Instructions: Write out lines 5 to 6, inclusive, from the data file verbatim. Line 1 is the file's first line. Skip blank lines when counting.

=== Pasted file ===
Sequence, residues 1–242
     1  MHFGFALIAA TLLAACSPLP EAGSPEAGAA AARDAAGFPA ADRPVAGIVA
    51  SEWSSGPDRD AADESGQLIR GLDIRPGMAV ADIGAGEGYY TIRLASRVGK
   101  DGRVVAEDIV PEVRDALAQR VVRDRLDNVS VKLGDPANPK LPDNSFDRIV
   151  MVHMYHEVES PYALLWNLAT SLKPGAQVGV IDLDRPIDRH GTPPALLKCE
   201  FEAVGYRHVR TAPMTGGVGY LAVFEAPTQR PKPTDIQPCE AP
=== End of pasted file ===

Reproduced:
   151  MVHMYHEVES PYALLWNLAT SLKPGAQVGV IDLDRPIDRH GTPPALLKCE
   201  FEAVGYRHVR TAPMTGGVGY LAVFEAPTQR PKPTDIQPCE AP